- The Washington Times - Tuesday, May 21, 2002

Two of the Senate's more talented grandstanders, Chuck Schumer of New York and John McCain of Arizona, are sponsoring a bill, nicely marketed as the "Greater Access to Affordable Pharmaceuticals Act," to speed approval of generic drugs by the U.S. Food and Drug Administration (FDA). Unfortunately, the Schumer-McCain legislation appears to be the product of spur-of-the moment politicking.

The bill has four main components: It would make it significantly harder for pharmaceutical companies, which spend an average $800 million to bring a new drug to market, to sue makers of generic or so-called "copycat" drugs that infringe on their patents. Second, it would water down current standards to allow the FDA to approve a wide range of generic drugs that are currently not eligible for approval because they are not considered duplicates of innovator drugs. Next, it would set up new roadblocks to deter whistle-blowers from providing the FDA with scientific information about the safety and efficacy of candidates for generic status. Lastly, it would tilt the current system for approving generic drugs in favor of generic drug makers in a way that would result in unnecessary litigation that would drive-up prices and keep many legitimate drugs off the market for a six-month period.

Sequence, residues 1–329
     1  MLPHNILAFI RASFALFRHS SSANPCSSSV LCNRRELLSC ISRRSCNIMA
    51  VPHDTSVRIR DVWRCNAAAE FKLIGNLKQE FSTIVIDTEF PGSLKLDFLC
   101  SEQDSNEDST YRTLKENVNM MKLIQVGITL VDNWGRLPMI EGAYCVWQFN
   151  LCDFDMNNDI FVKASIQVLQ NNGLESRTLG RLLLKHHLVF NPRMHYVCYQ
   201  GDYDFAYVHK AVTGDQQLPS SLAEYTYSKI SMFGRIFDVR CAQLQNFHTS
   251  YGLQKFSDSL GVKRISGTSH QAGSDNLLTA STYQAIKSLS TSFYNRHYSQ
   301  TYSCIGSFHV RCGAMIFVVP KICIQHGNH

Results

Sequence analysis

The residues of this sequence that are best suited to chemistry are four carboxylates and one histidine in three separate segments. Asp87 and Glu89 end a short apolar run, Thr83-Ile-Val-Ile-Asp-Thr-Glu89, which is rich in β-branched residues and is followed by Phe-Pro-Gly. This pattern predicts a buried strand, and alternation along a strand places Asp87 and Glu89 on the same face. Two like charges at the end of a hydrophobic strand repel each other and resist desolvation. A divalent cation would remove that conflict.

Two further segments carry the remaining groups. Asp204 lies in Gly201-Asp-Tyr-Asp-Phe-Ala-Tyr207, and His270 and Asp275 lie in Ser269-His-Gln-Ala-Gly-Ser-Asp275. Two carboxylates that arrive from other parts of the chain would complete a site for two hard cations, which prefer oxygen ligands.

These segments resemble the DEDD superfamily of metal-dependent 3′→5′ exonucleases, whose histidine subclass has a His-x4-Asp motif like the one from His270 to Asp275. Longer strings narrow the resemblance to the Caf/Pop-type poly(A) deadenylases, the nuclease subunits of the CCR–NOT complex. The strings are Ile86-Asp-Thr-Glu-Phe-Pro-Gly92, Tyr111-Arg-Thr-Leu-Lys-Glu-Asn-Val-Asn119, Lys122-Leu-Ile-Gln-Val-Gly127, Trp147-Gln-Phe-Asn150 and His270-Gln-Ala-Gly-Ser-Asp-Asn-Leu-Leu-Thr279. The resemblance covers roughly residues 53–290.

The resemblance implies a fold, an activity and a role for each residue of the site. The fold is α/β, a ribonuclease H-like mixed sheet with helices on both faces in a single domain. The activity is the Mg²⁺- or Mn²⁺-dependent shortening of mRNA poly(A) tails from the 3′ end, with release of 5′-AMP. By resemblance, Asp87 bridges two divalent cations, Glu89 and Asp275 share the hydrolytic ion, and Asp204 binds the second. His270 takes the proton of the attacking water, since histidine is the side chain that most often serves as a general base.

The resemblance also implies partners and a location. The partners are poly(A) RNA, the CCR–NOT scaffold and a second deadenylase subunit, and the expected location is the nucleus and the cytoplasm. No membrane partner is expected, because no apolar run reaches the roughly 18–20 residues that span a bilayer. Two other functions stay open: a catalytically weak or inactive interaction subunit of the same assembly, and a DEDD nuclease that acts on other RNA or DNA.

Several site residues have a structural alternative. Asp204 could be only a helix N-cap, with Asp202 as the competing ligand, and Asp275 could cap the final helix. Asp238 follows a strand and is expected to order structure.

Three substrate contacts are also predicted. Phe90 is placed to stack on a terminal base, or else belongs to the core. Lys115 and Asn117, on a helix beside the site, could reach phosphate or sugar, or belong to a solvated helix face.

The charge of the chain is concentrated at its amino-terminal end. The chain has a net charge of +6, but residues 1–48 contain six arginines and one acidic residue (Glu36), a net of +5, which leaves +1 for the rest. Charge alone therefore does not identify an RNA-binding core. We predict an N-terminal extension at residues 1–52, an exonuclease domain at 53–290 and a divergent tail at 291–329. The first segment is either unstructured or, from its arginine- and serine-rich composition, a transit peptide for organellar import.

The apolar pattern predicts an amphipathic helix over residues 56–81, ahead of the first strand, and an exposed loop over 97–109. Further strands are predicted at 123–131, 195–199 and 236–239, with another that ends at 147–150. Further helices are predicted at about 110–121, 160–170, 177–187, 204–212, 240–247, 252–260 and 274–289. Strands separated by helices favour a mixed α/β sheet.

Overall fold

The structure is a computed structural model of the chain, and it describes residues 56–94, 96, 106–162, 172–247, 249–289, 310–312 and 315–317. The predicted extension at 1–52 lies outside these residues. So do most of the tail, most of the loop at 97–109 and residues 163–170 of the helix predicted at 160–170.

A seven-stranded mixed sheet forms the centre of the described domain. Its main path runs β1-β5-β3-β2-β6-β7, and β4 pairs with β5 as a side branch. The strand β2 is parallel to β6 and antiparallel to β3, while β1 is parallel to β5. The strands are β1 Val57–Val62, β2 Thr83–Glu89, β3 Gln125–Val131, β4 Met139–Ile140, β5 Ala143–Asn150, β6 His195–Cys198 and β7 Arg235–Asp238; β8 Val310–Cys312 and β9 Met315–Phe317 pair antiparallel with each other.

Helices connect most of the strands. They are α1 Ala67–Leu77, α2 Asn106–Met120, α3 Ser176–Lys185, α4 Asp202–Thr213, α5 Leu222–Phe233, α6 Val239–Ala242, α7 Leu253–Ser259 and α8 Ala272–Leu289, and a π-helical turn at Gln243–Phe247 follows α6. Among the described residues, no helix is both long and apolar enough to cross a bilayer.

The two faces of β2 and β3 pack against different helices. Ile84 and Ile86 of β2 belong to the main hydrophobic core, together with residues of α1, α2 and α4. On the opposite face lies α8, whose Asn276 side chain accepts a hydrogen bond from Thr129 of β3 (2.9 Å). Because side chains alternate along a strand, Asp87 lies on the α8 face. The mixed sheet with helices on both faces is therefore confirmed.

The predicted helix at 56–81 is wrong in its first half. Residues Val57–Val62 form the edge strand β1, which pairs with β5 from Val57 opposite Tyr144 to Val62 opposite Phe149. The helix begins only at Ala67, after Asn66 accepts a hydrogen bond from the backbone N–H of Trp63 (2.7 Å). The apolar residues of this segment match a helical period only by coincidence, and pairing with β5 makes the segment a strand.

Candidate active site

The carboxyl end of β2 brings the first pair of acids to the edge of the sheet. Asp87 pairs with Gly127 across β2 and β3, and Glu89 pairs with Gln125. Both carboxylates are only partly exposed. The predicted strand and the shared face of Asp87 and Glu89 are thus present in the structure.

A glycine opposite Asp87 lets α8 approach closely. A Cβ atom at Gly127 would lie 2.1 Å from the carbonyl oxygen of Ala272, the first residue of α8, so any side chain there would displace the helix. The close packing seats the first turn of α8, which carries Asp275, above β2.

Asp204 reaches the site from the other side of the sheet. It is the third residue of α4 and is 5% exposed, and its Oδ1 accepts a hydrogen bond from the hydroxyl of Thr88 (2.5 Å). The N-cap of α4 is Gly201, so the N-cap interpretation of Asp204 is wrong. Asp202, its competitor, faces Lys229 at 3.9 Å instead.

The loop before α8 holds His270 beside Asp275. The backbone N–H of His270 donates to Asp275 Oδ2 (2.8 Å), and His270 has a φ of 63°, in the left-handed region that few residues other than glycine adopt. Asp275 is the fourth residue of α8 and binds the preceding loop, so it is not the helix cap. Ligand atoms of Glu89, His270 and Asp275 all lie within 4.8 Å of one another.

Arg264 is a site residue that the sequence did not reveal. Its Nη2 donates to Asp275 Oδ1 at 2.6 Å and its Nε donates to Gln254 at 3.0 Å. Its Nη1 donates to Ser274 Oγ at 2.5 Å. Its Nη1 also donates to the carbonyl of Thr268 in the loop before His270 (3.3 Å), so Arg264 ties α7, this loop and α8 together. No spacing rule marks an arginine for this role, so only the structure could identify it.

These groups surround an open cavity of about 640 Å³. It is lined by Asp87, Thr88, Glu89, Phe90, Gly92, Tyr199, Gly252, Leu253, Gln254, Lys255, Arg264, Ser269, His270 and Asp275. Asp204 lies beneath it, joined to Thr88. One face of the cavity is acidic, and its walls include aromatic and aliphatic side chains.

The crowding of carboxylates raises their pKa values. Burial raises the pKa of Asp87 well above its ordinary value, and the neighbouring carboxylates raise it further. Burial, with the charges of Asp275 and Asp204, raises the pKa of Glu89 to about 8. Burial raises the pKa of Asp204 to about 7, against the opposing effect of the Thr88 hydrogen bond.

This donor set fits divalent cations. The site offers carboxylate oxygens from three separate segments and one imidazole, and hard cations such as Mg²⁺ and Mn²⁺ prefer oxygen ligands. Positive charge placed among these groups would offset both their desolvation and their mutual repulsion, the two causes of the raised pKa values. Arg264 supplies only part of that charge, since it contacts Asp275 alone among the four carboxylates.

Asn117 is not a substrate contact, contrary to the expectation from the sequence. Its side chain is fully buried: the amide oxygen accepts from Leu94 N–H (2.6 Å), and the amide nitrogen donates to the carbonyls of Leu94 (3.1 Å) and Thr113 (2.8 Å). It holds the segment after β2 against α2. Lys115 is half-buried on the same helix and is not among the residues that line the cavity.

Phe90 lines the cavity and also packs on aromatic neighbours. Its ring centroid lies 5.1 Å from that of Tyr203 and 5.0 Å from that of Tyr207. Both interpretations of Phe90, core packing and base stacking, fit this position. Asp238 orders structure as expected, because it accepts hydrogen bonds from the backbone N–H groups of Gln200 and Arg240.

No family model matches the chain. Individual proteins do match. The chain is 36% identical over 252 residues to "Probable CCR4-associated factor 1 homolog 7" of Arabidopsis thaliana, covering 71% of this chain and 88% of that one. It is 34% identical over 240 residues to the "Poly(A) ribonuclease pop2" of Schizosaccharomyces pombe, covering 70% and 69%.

Patient safety surely would suffer grievously under a Schumer-McCain proposal to weaken existing law and allow the FDA to require only "limited confirmatory tests" on generic drugs. This would allow the FDA to approve generic drugs that differ somewhat from the innovator drug because the testing would purportedly show that the differences do not matter. Schumer-McCain also would cripple effective remedies for patent infringement, a potentially serious threat to future efforts to develop new drugs.

The Naderite group Public Citizen has lauded Schumer-McCain as "much-needed legislation" that will "make it harder for the major drug companies to use legal tricks to deny consumers the ability to purchase more affordable generic drugs." Characterizing pharmaceutical companies as "greedy" and purveyors of generic "copycats" as public-spirited businesses in need of federal protection is either naive or demagogic. Neither is a good basis for public policy.

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